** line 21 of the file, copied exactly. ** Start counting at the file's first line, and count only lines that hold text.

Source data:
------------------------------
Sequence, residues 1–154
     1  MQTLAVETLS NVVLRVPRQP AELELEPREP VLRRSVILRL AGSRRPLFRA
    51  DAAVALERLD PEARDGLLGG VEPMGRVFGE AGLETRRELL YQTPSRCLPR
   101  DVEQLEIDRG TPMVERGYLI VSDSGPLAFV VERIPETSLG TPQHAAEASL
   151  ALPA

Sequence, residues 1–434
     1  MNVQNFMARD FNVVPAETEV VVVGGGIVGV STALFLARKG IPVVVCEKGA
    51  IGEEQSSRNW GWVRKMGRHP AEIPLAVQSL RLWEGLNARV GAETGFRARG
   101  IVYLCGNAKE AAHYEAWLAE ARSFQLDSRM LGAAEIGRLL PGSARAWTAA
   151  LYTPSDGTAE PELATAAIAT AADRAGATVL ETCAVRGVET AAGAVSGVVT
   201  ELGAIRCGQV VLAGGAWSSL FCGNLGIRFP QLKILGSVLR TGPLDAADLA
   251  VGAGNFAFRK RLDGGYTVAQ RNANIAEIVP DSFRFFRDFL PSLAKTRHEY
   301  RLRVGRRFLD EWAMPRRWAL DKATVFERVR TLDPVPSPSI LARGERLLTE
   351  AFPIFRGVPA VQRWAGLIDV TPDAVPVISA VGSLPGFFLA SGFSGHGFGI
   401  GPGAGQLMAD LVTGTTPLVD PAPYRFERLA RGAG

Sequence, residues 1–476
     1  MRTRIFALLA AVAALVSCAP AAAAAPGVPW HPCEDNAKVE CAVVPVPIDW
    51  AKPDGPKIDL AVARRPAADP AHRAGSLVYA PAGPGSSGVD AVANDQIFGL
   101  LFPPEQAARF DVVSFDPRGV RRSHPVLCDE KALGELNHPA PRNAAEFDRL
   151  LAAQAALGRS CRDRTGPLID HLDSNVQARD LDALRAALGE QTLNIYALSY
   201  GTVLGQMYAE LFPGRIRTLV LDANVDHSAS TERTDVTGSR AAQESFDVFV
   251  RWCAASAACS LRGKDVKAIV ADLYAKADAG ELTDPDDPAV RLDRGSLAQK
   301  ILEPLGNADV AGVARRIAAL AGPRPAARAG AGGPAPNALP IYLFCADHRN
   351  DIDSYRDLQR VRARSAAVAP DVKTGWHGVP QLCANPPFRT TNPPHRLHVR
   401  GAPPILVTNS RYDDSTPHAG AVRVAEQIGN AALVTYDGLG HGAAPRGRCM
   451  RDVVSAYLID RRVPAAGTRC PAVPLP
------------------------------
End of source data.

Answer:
   201  GTVLGQMYAE LFPGRIRTLV LDANVDHSAS TERTDVTGSR AAQESFDVFV